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  1. #31

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    Thanks men. Where I live there's no carbonate I could afford or justify the gasoline to go after. And can't just buy whatever I have a notion to, due to shipping charges. Somewhere the spending must end, and I have to just make do. Somewhere in this thread you guys had discussed everything I need to know 7 years ago. I just need to figure the percentages-by-weight of the before and after, and hope for the best.

    BTW PE. Thank you. I guess you meant I could actually carry this too far and make lye out of it if I'm not careful.

  2. #32

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    Now we're down to 145 grams Na2CO3 from the original 230g of NaHCO3. Darn, it's been 40 years. I had forgotten all about Avagadro's number. It would take me 2 days of refresher study to work out this equation. Otherwise I guess I have to rely on the instincts of a cook rather than a chemist. And I sure ain't no cook. But still, you seem to get a feel for when it's done as you stir the pot. If I haven't driven off the water and CO2 by now, certainly it would still be good enough to make a bottle of developer out of. I don't think there's much more to be gained by throwing it on the stove again. I'll go back and study Avagadro's number another day.

    Edit: A little touch of the fingertip of this stuff on your tongue is sharp and bitter as it can be.
    Last edited by Tom1956; 09-12-2013 at 12:32 AM. Click to view previous post history.

  3. #33

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    As a practical consideration you cannot heat sodium carbonate in an oven to a high enough temperature to have it decompose to sodium oxide and carbon dioxide. In order for decomposition to occur the carbonate must he heated enough for it to melt (854oC, 1569oF). So don't worry about "over cooking" things.
    A rock pile ceases to be a rock pile the moment a single man contemplates it, bearing within him the image of a cathedral.

    ~Antoine de Saint-Exupery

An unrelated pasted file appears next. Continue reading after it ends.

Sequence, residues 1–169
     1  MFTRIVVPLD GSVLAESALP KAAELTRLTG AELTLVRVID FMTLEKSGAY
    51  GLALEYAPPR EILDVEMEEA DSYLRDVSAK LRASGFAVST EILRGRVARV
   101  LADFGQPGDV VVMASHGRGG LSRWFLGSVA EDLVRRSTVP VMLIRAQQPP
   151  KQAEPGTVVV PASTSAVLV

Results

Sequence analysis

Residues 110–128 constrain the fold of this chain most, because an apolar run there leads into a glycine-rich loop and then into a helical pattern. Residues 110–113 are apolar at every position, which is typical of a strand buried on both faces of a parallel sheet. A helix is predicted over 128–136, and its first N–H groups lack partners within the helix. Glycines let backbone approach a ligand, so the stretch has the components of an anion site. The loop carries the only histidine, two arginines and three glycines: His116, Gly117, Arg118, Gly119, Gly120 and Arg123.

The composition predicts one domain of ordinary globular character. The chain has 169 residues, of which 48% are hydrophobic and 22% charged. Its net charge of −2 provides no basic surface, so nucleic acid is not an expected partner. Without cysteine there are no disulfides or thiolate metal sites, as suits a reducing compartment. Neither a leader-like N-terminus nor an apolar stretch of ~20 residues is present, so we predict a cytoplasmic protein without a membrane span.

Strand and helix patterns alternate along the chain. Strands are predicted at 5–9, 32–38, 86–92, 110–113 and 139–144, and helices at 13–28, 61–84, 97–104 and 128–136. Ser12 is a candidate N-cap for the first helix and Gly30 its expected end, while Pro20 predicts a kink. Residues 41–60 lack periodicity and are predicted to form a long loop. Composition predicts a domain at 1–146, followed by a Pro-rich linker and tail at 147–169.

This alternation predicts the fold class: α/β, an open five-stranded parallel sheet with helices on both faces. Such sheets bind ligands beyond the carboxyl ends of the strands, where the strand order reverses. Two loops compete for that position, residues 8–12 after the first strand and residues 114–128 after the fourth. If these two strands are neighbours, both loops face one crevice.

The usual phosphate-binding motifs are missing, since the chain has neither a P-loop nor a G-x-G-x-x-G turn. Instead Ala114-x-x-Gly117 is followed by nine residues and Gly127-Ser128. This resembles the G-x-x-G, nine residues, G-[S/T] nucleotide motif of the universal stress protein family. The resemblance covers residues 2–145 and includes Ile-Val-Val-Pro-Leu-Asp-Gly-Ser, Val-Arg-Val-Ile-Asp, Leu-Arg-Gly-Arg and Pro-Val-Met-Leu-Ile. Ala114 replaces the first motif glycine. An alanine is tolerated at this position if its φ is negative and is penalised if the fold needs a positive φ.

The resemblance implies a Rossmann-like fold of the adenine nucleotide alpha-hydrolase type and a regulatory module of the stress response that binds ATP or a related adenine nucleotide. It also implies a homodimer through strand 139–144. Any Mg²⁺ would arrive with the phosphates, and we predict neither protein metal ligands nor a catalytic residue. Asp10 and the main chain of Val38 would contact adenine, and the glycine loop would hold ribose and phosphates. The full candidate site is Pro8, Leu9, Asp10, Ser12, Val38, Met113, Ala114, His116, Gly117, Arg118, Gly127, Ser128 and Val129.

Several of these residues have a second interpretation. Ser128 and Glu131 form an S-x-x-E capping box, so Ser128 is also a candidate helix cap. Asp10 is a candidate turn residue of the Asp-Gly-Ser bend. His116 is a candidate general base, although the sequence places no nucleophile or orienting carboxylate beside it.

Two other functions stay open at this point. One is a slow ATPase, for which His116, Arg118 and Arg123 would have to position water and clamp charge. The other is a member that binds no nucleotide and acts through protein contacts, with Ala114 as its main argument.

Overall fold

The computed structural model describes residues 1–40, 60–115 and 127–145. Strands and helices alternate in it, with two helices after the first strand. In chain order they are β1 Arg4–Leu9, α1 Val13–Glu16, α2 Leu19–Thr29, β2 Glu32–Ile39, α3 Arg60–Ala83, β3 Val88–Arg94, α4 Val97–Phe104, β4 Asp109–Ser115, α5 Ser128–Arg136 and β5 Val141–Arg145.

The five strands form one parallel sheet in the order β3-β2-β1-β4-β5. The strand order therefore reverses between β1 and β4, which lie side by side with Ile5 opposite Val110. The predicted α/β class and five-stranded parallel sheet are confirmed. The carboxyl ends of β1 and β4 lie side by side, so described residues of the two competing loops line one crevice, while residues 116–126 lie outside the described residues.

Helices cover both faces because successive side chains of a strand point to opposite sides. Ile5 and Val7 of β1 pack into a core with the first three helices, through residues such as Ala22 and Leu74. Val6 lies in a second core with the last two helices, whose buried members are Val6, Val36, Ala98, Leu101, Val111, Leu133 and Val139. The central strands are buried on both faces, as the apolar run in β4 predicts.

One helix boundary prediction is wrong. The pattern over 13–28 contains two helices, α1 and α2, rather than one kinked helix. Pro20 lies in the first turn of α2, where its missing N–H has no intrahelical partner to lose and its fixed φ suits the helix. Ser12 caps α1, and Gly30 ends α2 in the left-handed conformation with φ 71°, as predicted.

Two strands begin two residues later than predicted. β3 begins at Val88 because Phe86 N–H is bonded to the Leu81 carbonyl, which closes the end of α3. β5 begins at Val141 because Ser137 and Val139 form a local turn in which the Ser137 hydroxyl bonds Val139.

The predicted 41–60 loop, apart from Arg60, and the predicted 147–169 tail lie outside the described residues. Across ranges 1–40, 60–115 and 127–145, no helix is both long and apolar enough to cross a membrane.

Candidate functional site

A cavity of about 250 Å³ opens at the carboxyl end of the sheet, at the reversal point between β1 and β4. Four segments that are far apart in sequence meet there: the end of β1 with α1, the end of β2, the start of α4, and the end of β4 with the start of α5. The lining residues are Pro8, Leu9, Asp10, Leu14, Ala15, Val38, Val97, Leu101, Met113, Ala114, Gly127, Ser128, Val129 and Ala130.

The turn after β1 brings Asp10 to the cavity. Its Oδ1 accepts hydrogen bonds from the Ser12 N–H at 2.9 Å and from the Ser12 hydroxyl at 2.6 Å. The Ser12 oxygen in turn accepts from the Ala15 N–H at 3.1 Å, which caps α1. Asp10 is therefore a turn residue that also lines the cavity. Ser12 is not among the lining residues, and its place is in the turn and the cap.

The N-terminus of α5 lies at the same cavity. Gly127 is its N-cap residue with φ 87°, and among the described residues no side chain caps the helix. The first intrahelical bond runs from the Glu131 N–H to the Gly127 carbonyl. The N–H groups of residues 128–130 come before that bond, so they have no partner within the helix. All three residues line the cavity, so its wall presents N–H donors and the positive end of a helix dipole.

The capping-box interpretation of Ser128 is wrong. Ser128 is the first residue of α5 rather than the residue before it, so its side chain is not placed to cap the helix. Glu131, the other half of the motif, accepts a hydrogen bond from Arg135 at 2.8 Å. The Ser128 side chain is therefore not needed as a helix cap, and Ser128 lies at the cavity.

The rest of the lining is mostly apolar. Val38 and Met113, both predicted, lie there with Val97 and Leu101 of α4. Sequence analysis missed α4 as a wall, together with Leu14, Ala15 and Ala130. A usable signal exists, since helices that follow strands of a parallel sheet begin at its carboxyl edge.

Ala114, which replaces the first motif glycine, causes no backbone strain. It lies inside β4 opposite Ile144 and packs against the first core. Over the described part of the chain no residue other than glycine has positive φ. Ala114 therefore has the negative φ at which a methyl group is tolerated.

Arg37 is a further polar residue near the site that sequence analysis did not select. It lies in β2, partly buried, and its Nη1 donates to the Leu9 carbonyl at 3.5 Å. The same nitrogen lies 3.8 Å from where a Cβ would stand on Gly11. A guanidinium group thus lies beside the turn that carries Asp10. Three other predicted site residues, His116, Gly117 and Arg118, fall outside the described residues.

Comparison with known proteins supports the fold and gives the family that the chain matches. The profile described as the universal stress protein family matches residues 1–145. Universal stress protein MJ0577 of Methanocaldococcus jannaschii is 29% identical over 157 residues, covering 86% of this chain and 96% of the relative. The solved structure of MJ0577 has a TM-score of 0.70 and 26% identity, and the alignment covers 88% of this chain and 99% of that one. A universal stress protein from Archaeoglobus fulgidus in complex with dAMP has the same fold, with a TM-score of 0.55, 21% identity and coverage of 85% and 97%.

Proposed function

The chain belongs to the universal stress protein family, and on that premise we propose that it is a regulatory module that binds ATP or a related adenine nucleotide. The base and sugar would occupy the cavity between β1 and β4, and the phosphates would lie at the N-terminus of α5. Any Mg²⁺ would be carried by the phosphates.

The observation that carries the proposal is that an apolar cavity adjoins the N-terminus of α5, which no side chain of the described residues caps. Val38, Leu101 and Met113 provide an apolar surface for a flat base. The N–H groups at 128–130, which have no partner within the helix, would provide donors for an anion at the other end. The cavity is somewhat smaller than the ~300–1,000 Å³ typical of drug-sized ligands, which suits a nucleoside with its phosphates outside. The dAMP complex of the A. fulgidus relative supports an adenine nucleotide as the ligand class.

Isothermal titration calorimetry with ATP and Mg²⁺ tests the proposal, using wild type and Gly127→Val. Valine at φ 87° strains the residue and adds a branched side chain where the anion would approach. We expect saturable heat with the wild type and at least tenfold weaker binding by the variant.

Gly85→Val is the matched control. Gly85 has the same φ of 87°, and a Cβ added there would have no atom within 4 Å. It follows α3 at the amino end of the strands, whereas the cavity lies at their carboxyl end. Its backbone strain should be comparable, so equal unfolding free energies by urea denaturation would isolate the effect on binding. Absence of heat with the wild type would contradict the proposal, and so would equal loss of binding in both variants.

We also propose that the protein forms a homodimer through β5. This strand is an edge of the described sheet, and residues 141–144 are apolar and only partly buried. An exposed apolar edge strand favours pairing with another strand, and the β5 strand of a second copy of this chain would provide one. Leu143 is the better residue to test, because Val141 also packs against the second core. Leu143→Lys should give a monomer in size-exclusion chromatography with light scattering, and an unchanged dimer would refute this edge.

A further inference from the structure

4. #34
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    Thanks Jerry, I had forgotten that temp. I stand corrected.

    PE

  5. #35

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    Thanks guys. I guess I've got this right. There could be a hair of bicarbonate still left in it I suppose. But I've seen developer formulas before somewhere with bicarb in them. It tastes very bitter, it is fine and sandy, and the leftover powder on my fingers feels slimy and "basey" when I rinse them off. I'm going to go with it.

  6. #36

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    Sounds good. The resulting product is a light fluffy powder. Be sure to store the carbonate in an air-tight jar as it will absorb moisture and convert to the monohydrate. If this happens it will throw off any formula a bit. One of the advantages in doing this is that you are starting with USP grade sodium bicarbonate so the resulting carbonate is very pure, perfect for photo uses.
    A rock pile ceases to be a rock pile the moment a single man contemplates it, bearing within him the image of a cathedral.

    ~Antoine de Saint-Exupery

  7. #37

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    Quote Originally Posted by Gerald C Koch View Post
    ....One of the advantages in doing this is that you are starting with USP grade sodium bicarbonate so the resulting carbonate is very pure, perfect for photo uses.
    This is much better than using pool chemicals which don't have to be pure. Purity costs money. I bought another water treatment chemical (aluminium sulphate) to clarify my swimming pool that has to be filled with creek water and the label said something like "up to 23% impurities" and including something like 5% insoluble impurities. Yuck! Just as well I don't need it for photography!

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